Tiny homes help Denver’s most vulnerable

Provides transitional housing

There is only one tiny home village in Denver, but a second one may be on the way. Beloved Community Village is a small collective of tiny homes built by and for a community of people who have experienced homelessness. Located in the RiNo neighborhood, the village houses 11 units, a bathing facility, and a circ house—a multi-functional shelter that is easy to assemble. Since July, the community village has served as a home to 14 individuals, but the demand is much higher. St. Andrew’s Episcopal Church, located near Five Points, is looking to create another tiny home village.

At the beginning of 2018, the Beloved Community Village was relocated to an adjacent lot. The community operated as a “pilot program” under a six-month permit, but the permit was due to expire at the start of 2018. The village is home to Cersilla Wolf, who is a student at CCD and hopes to enroll in a music program at CU Denver. “When I sleep in my bed, on my loft, and I get on my computer and I practice on my guitar or whatever, I’m not just simply surviving here—I’m living,” she said.

Photo by Olivia Couch

The Denver Housing First Collaborative was created in 2003 by the Colorado Coalition for the Homeless. DHFC has a capacity of 100, and it received 622 applications by its sixth month of operation. In 2005, a second Housing First team was created to serve an additional 80 homeless individuals. In early 2016, another initiative was set in motion to create more transitional housing opportunities and received  an increase in support in 2018 from the city. The initiative aims to eventually help 250 participants. But these initiatives, as well as others, clearly do not have enough room to address the needs of everyone who is struggling with housing.

The difficulty in establishing more transitional housing opportunities such as the tiny home village lies, in part, with acquiring permits. Building codes for plumbing in particular are still being worked out. In other cities, housing collectives usually have a central plumbing unit, but regulations in Denver state that each unit must have it’s own plumbing, which adds significantly to the cost of each unit. In Utah, 91 percent of chronically homeless individuals were able to find housing due to tiny housing units, since their cities allowed for communal bathrooms instead of individual unit plumbing, making construction more viable.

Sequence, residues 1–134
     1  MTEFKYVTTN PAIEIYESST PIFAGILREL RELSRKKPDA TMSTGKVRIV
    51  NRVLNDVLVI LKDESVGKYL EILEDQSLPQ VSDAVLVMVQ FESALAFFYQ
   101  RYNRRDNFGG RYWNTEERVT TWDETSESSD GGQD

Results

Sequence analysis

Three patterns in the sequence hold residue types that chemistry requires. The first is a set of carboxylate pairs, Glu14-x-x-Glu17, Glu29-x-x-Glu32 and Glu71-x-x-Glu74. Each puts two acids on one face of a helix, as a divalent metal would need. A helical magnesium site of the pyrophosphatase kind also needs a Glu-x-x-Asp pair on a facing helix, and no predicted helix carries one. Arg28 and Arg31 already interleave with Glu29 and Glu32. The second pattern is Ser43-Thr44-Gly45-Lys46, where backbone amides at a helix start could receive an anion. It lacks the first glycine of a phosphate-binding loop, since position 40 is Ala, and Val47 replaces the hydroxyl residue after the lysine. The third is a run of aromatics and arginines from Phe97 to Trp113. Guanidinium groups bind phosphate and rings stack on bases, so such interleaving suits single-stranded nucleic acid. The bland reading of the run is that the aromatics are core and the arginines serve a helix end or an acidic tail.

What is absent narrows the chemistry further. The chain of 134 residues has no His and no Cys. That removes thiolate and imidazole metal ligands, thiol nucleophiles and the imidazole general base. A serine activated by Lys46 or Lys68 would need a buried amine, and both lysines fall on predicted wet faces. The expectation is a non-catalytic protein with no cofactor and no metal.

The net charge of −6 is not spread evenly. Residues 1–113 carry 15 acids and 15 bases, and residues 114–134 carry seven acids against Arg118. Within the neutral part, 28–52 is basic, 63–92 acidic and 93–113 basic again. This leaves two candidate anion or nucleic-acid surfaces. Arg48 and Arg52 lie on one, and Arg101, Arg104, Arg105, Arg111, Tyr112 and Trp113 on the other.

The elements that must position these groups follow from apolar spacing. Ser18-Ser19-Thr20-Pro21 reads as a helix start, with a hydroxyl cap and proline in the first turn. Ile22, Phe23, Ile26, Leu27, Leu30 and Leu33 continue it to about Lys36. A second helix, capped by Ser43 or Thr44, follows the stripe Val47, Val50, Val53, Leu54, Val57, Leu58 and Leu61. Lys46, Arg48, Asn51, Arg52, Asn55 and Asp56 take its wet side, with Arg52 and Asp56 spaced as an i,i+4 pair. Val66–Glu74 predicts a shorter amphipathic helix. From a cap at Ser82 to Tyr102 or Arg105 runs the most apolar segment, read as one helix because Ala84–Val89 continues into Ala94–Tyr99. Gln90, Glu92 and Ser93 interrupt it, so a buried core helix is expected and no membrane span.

The St. Andrew Church hopes to create eight units in their parking lot to provide housing for women—particularly transgender women, who  experience homelessness at a rate of 20 percent. Homeless shelters rarely have enough beds for everyone, and many are hesitant to go out of fear of theft or sexual assault. Individuals with illnesses such as scabies are often turned away from shelters as well.

The city has also cracked down on urban camping, barring people from using tents, blankets, sleeping bags, or other shelter when sleeping in public. A Camping Ban ticket costs $999, a price far too high for many homeless people. Often, they don’t show up for court, and next time they are stopped, they are sent to jail. Those that do show up are unable to afford the fine, which affects their credit, which further disenfranchises them and makes it more difficult to find housing. The additional transitional housing may help avoid these challenging circumstances.

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